"America is reaching the limits of its energy boom."

MD of Douglas-Westwood Stephen Kopits, Presentation to Center for Strategic and International Studies, Washington DC (no url): Conclusions: “US shale gas remains an important source of supply, but heady days of growth are probably over. Growth has fallen dramatically (all lower 48) from 12% in July 2012 to 3%. Coal to gas switching has reversed since Q3 2102.” “Natural gas prices are likely to increase—furthering gas headwinds for the economy.
Shale oil has performed spectacularly, but expectations are probably over- blown. We forecast another 1.4-1.7 mbpd increase, mostly through 2016. Crude oil + NGL production up 4.1 mbpd in last seven years (0.7% per annum). Conventional production down 2 mbpd, net about zero with Iraq and Oil Sands offsets • Only sources of growth are NGL: 2 mbpd—not oil; and US shale / tight oil: 2 mbpd—which is oil—and the only real source of net oil supply growth.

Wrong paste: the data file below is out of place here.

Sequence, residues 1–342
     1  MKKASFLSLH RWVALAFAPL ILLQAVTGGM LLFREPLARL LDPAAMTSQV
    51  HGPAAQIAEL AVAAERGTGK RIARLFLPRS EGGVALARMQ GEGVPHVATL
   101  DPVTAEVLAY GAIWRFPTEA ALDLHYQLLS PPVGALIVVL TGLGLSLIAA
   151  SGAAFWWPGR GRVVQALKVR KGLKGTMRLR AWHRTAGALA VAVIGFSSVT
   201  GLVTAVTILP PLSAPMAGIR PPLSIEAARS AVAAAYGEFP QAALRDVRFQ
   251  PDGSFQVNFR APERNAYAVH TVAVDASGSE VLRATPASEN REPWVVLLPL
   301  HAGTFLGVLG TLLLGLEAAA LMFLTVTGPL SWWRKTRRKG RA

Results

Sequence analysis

Current Bakken production around 750 kbpd. But growth rates are falling precipitously. Technical analysis suggests a 900 kbpd peak in 2016/17 • +0.2 mbpd to peak. Current Eagle Ford 840 kpbd, fantastic growth to date. Bu rapidly declining growth rate suggests plateau at 1.2 mbpd • +0.4 mbpd to peak.
Net growth in the global oil supply is entirely leveraged to US shale production increases.
US GoM is 600 kbpd off its pre-Macondo peak. The basin is unlikely to ever reach previous highs, although an expansion by up to 300 kbpd is possible.
Alaskan oil production continues to erode. Government policy is uninformed and endangers the Alaskan economy.
The oil majors have reached the Rubicon. Future capital intensive developments will be assessed more critically. Expect material revisions to high capex project deck. Houston will see increasing stress and decreasing visibility over the next twelve months.”